A "multi-faceted" object is similar to a MultiInstance object, with the addition that the instance objects are "facets" of one another. This means that they have the same identity, from the perspective of a character in the scenario: all of the instance objects are part of the same conceptual object, not separate objects.

This is especially useful for large objects that span multiple locations, such as a river or a long rope.

You define a multi-faceted object the same way you set up a MultiInstance: definfe a MultiFaceted shell object, and as part of the shell, define the facet object using the instanceObject property. Here's an example:

river: MultiFaceted
locationList = [riverBank, meadow, canyon]
instanceObject: Fixture { 'river' 'river'
"The river meanders by. "

The main difference between MultiInstance and MultiFaceted is that the "facet" objects of a MultiFaceted are related as facets of a common object from the parser's perspective. For example, if a player refers to one facet, then travels to another location that contains a different facet, then refers to "it", the parser will realize that the pronoun refers to the new facet in the new location.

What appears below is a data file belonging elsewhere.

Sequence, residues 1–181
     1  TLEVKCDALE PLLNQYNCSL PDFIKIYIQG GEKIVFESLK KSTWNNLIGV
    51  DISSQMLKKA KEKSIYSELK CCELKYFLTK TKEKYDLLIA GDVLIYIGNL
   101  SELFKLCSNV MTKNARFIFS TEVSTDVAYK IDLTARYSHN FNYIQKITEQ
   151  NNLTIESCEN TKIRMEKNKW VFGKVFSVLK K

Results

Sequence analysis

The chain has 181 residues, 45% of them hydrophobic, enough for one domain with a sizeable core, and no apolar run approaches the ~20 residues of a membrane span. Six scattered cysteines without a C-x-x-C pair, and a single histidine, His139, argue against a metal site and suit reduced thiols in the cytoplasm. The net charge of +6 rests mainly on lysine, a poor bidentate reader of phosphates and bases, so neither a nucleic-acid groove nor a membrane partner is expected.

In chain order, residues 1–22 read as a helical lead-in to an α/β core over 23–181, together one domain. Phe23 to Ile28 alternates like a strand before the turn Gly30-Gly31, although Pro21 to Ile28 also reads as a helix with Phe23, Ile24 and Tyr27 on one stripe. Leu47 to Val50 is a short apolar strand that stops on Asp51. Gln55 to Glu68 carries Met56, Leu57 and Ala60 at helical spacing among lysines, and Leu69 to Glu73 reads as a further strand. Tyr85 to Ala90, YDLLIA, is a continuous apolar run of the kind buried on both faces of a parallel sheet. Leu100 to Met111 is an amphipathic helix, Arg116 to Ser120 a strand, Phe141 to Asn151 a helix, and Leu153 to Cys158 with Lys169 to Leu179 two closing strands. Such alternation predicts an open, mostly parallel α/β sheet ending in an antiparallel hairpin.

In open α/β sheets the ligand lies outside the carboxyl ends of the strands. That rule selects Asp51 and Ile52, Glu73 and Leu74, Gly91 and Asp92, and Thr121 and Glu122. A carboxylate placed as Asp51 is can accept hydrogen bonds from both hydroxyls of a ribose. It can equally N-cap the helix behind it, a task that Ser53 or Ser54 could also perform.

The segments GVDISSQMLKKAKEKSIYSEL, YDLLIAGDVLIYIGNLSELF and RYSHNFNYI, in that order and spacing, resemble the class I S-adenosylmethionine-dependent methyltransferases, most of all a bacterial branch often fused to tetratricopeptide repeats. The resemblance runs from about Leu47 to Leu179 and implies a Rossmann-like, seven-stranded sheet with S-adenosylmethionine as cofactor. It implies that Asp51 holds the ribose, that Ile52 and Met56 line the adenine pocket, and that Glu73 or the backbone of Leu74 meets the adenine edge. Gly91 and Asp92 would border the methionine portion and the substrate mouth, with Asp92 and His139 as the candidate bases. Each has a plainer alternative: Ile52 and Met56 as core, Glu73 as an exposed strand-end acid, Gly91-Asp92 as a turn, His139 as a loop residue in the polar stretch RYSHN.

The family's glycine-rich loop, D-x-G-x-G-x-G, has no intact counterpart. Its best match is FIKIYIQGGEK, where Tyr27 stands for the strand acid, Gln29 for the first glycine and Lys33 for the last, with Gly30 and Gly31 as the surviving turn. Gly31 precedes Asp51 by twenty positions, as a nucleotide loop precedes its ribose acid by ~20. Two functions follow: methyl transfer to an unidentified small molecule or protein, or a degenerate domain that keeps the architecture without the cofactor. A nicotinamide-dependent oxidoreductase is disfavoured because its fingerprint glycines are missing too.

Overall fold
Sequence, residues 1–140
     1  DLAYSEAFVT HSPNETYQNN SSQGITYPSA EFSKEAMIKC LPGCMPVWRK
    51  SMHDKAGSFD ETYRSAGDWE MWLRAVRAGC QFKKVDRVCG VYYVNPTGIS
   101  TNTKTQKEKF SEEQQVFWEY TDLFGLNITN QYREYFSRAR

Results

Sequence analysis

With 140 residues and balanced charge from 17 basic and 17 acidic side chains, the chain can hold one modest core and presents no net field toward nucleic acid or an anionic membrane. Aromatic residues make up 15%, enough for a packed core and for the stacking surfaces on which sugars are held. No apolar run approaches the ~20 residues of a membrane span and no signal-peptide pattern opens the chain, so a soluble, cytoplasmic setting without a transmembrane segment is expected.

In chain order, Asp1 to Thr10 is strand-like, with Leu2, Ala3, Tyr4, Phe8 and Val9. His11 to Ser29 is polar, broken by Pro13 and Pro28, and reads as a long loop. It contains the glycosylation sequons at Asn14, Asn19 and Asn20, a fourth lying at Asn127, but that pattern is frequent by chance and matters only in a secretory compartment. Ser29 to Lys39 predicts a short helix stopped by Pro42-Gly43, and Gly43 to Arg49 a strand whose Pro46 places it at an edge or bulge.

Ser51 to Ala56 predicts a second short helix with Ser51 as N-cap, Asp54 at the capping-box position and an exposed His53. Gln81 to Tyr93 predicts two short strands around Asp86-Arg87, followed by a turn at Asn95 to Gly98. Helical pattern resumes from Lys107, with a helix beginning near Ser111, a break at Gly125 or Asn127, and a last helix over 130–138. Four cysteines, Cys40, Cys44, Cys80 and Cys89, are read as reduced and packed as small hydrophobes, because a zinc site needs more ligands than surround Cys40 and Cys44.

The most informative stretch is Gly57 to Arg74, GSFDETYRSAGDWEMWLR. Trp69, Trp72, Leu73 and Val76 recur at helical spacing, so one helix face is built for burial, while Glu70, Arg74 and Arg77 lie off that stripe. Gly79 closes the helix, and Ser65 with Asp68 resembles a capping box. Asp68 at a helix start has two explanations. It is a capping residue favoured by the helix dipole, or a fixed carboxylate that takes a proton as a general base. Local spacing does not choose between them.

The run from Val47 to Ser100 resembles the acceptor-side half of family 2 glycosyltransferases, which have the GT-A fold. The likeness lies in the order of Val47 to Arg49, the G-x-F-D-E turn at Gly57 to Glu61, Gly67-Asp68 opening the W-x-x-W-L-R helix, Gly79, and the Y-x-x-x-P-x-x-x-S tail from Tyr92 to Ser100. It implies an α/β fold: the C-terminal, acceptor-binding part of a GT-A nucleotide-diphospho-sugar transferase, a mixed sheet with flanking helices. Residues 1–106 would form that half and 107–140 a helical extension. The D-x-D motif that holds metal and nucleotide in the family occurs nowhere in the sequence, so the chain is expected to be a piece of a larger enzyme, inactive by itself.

class MultiFaceted :   MultiInstance

Superclass Tree   (in declaration order)


Subclass Tree  


Global Objects  


Summary of Properties  


Inherited from MultiInstance :
instanceList  instanceObject 

Inherited from BaseMultiLoc :
initialLocationClass  locationList 

Summary of Methods  


Inherited from MultiInstance :
addInstance  addToContents  getInstanceIn  initializeLocation  moveInto  moveIntoAdd  moveOutOf  removeFromContents 

Inherited from BaseMultiLoc :
buildLocationList  isDirectlyIn  isIn  isInitiallyIn  isListedInContents  isOrIsIn 



the mix-in superclass for our instance objects


getFacets ( )objects.t[3266]

our instance objects represent our facets for parsing purposes

TADS 3 Library Manual
Generated on 5/16/2013 from TADS version 3.1.3